This is also why only the first day of the miracle, Shabbos, is celebrated. In reality, there was no Neis on any other day, because Makkas Choshech was in effect then, preventing the Mitzri’im from seeing the Jews.


Taking the Stress out of Pesach Preparations

The Kitchen (cont.)
Instant Hot: this too, should not be used for 24 hours prior to the Kashering. Pour boiling hot water, then cold, on top of the unit. Then run the hot water through it for 10 seconds, and it is ready for Pesach.

Microwaves and Dishwashers: these are two appliances that are very difficult to Kasher properly and should not be used on Pesach. A basic microwave oven is relatively inexpensive and if you need to use one for Pesach it is best to just purchase one for Pesach. Contact a competent Rav for further details on these two items.

Utensils: It is best to have a separate set of cooking and eating utensils solely for Pesach use. Another option is to use disposable dishes and pans for Pesach. These are relatively inexpensive and probably the easiest to deal with. If one must resort to Kashering Chametz utensils, a competent Rav should be consulted, as the Kashering process varies depending on the particular item.

Refrigerator and closets: After removing all non-Passover foods from the refrigerator, clean it the way you normally would. Wipe the shelves and drawers clean with a damp cloth, making certain that there are no crumbs. Since these are used only with cold foods, they are not required to be covered.

Things around the house
There are some items in the house that tend to attract somewhat more Chametz. Toys, for example, should be checked, and if possible, washed before Yom Tov. Alternatively, one can leave out some inspected toys for Pesach, and put away the rest in a taped-off area to be sold for Pesach. Briefcases, pocketbooks and backpacks should also be thoroughly cleaned and vacuumed out. Pockets of overcoats and children’s pockets (even their regular clothing pockets) should be checked and vacuumed out if necessary. Clothes that were washed with detergent do not need their pockets checked, because the only Chametz left there would be inedible.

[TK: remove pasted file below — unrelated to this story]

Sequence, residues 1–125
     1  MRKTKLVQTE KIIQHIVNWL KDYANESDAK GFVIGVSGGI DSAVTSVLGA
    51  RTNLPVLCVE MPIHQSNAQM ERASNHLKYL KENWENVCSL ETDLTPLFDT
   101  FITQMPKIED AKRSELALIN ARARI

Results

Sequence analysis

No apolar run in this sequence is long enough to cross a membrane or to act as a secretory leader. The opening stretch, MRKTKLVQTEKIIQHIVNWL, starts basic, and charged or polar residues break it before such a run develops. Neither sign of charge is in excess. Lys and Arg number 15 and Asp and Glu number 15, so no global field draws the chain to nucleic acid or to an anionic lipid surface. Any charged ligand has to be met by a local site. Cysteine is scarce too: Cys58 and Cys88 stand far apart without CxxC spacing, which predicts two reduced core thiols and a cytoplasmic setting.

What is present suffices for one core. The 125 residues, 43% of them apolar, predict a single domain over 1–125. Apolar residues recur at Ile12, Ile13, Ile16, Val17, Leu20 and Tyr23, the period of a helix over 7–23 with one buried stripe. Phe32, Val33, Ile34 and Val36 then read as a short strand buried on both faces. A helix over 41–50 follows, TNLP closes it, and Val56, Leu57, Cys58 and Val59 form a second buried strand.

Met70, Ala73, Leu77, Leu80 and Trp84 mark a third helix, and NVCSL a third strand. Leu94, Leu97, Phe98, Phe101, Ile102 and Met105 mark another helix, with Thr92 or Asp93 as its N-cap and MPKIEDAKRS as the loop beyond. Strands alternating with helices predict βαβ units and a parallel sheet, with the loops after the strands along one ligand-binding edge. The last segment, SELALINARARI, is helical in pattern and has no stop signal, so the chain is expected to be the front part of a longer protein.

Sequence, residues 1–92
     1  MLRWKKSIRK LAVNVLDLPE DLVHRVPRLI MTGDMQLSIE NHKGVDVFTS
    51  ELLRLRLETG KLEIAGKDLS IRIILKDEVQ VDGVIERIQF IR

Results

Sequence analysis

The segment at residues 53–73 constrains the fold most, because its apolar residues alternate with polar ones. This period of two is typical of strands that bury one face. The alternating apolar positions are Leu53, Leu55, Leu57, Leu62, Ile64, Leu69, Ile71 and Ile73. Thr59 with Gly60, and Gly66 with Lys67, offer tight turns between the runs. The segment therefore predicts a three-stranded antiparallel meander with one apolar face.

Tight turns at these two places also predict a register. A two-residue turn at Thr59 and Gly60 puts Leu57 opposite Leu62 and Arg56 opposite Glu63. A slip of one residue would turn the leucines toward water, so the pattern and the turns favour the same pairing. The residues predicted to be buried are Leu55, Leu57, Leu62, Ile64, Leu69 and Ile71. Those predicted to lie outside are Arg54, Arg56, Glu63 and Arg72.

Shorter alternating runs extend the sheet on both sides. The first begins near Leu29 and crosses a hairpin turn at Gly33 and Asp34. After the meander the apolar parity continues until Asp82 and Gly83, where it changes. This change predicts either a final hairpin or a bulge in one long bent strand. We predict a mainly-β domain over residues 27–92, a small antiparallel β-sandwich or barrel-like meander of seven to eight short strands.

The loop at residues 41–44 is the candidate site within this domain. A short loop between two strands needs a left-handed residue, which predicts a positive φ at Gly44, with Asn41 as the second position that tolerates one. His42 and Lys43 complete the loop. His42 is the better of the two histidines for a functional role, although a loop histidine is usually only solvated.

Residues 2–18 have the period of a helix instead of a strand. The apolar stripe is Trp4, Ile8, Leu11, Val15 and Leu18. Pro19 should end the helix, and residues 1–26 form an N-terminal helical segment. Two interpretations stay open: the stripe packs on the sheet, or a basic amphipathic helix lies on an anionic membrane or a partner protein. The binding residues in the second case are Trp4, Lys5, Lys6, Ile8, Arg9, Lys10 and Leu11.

Outside of the house
Cars are Chametz magnets. Even if you will not be using your cars over Yom Tov, they have to be Chametz-free, just like the rest of the house. (Unless the Chametz is sold to a non-Jew through a Rav, it may not be opened the entire Pesach.) Make sure to do a proper cleaning of your cars before Bedikas Chametz. If you have a Shtender in shul, it must be cleaned out as well, as should tallis bags. Your office or workplaces are also places where you bring Chametz, so they must be cleaned well.

Selection of Lesser known Chol HaMoed Halachos

Davening: On the first night of Chol HaMoed, right after Yom Tov, one must remember 4 changes in Shemona Esrei:
a) Discontinue משיב הרוח ומוריד הגשם (Nusach Sfard says מוריד הטל).
b) אתה חוננתנו in the 4th Bracha of Shemona Esrei, as the first step of Havdalah.
c) Substituteותן ברכה (for the first time) in the 9th Bracha of ברך עלינו.
d) יעלה ויבוא in רצה
Some people mistakenly think that Maariv of Chol HaMoed is like Rosh Chodesh, where missing יעלה ויבוא in Maariv does not invalidate the Shemona Esrei. This is incorrect. On Chol HaMoed, this omission does invalidate the Shemona Esrei. Therefore, in the previous list of changes, either c or d can invalidate any Shemona Esrei, and onlyאתה חוננתנו is not מעכב.
• It is a Mitzvah (preferable conduct, but not an obligation) to have 2 bread (Matza) meals every day of Chol HaMoed.
• If one does not have any physical difficulty in drinking aרביעית of wine and eating meat, one should do so each day of Chol HaMoed, at least once a day.
• When possible, one should wear Shabbos clothes, or at least clothing that is better than regular weekday clothing.
• Car repairs should not be done, unless waiting until after Yom Tov will cause a loss.
• Gardening should not be done, even by a gentile gardener. Even watering plants should not be done. If a loss will occur, all these activities are permitted.